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Iraq wedding fire: Man who lost fiancee remembers painful final call

Christian town in northern Iraq still in shock and mourning one week after a tragic fire at a wedding left over 100 people dead
Steven Nabil holds a photo of his fiancee Maryam Naeem who died in the Hamdaniya wedding fire on 26 September (MEE/Ismael Adnan)
By Ismael Adnan in Al-Hamdaniya district, Iraq

DJ Steven Nabil stepped outside the al-Haytham wedding hall in northern Iraq for a 10-minute break. 

Moments before he left, he had stopped by to see his fiancee, Maryam Naeem, who was among the guests. 

They talked briefly, shared a joke, and he brought her younger brother a small ball. 

He did not think it would be the last time he saw her, and did not expect her next call. 

“I am going to die,” Naeem, 21, told him over the phone. “Take care of yourself, I love you.”

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The main wedding hall, where Naeem was, had caught on fire minutes after Nabil left.

As soon as he learnt about the inferno, the only thought in the 23-year-old’s mind was saving his bride-to-be. 

“I quickly went to the hall, and when I arrived, it was burning,” Nabil told Middle East Eye.

'Maryam is gone forever and I am left alone'

- Steven Nabil, fire survivor 

"The smoke was too much. I tried to enter from the bathrooms because she was there and broke the window, and I could not enter either because of the smoke,” he said. 

"Here I began to feel despair and extreme sadness. I did not know the fate of my fiancee while the hall was burning."

Naeem was among 107 people who died in the fire that day, which left an additional 166 people wounded. 

She had taken shelter in the bathrooms with dozens of other women. The fire didn’t reach them, but the thick, toxic smoke emanating from the blaze suffocated them to death.  

“I did not see Maryam when they took her out,” Nabil said. 

“But I learnt that when they took her out she was lying on the ground with her phone in her hand.”

Morning coffee 

Naeem was at the wedding as a guest, along with her parents and three brothers.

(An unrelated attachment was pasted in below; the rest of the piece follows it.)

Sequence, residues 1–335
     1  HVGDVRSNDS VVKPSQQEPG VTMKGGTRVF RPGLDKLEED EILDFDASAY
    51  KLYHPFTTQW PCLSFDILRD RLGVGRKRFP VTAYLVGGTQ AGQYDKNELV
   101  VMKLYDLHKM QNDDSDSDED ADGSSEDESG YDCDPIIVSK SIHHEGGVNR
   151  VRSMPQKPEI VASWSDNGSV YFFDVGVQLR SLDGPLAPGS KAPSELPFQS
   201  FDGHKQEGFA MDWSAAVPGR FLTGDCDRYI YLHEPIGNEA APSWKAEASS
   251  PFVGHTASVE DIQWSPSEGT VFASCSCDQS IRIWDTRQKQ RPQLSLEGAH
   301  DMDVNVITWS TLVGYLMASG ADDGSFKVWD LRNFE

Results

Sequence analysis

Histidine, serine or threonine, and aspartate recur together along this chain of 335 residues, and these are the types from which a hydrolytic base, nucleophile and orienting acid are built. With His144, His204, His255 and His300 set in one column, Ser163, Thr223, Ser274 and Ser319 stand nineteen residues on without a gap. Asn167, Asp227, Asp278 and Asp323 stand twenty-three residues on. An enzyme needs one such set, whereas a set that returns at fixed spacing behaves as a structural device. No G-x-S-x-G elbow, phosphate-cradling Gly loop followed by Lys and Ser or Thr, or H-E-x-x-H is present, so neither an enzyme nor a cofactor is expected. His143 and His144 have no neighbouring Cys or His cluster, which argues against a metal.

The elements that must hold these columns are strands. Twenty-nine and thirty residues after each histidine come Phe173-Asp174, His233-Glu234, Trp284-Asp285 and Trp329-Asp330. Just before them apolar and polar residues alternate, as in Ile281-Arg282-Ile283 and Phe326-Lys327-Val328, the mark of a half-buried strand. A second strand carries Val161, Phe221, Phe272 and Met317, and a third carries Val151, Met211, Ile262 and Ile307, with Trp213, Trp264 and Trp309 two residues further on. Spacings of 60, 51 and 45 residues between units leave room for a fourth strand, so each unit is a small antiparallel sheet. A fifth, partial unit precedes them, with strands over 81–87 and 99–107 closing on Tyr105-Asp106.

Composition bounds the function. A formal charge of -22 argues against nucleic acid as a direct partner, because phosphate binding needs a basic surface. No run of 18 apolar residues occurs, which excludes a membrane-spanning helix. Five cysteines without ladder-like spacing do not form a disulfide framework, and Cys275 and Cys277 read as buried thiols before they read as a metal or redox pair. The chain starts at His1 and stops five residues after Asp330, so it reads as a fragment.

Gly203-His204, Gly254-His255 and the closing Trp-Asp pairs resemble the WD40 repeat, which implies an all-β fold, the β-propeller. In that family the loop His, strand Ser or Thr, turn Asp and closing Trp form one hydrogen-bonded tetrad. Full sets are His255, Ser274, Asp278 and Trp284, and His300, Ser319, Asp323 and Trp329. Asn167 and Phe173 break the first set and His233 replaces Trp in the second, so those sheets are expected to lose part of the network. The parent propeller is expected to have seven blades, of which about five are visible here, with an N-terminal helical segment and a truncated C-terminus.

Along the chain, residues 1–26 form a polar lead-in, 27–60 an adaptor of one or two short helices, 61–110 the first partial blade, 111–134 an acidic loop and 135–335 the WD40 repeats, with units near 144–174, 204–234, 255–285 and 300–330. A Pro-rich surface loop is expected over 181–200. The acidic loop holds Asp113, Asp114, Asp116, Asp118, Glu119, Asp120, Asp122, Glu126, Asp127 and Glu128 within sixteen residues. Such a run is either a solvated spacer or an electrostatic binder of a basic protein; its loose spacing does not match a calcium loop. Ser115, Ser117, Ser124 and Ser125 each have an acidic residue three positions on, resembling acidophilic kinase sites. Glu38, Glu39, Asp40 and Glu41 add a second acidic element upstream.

They sat among the crowd of nearly 900 people in a venue that was designed for a capacity of 400. 

The blaze started after prohibited and highly flammable ceiling decorations caught fire from celebratory fireworks used during the slow dance of the bride and groom, according to the interior ministry

Officials said the fire trapped people inside the hall and rescue teams struggled to reach them due to there being only a few small doors. 

Poster of condolences for Maryam and her uncle Asem Naeem adorn a wall in Hamdaniya district (MEE/Ismael Adnan)
Poster of condolences for Maryam and her uncle Asem Naeem adorn a wall in Hamdaniya district (MEE/Ismael Adnan)

Moatasem Naeem, Maryam’s father, described a scene of chaos when people spotted the first flames. 

“We tried to leave through the main door but it was very crowded. We went back to the kitchen door and before we arrived, the electricity went off,” Moatasem recounted. 

In the dark, people couldn’t see each other. When the family arrived at the kitchen, they realised Maryam was not with them.

"Maryam's mother started shouting her name. I tried to go back to look for her, but I couldn't because of the fire,” Moatasem told MEE. 

“We did not realise that this hall, which we go to from time to time, would take Maryam from us.

“Maryam was beautiful and very affectionate. One of her daily routines was to make coffee in the morning and drink it with her mother and myself.” 

'Left alone'

The tragic incident has devastated Hamdaniya, also known as Qaraqosh, a district in the northern province of Nineveh where it took place. 

The town, about 32km southeast of Mosul, is home to more than 25,000 people, the vast majority of them Christian. It’s one of the main centres of Iraq's Christian community.

One week after the disaster, most shops remain closed and life is at a standstill. Signs of condolences adorn walls in almost every alleyway. 

Like many in the town, grief and trauma still grip Nabil, who spends his days looking at photos of his fiancee, and his nights visiting her grave. 

“We got engaged on Valentine’s Day 14 February 2022,” he told MEE. “We chose this day to be a beautiful memory.” 

Steven Nabil spends most of his days looking at photos of his fiancee Maryam Naeem (MEE/Ismael Adnan)
Steven Nabil spends most of his days looking at photos of his fiancee Maryam Naeem (MEE/Ismael Adnan)

The duo initially planned their wedding for early September and booked the now-destroyed al-Haytham hall for the occasion. 

“Our engagement period was very exciting. We always went out and enjoyed our time, bringing gifts to each other,” he said 

“The last gift I brought to Maryam was on 9 September and it was a hand bracelet.”

Eventually, they decided to postpone the wedding until early October, as Nabil was waiting to start a new government job before tying the knot. 

“We bought all the equipment and clothes. We were going through happy and joyful days.

“I postponed our marriage then what happened, happened. Maryam is gone forever and I am left alone.”

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